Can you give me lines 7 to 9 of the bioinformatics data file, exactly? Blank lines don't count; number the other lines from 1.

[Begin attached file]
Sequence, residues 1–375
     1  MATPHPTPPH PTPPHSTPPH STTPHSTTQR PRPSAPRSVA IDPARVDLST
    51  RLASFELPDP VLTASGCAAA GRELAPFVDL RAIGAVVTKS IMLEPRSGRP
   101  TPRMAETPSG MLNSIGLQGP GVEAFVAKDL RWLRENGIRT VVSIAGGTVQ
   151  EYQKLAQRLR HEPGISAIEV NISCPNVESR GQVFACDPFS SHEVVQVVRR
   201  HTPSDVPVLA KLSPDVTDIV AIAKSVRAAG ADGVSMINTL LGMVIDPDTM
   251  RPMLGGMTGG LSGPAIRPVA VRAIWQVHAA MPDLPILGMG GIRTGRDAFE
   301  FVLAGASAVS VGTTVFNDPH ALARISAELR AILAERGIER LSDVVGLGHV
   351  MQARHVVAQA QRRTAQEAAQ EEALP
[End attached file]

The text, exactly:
   251  RPMLGGMTGG LSGPAIRPVA VRAIWQVHAA MPDLPILGMG GIRTGRDAFE
   301  FVLAGASAVS VGTTVFNDPH ALARISAELR AILAERGIER LSDVVGLGHV
   351  MQARHVVAQA QRRTAQEAAQ EEALP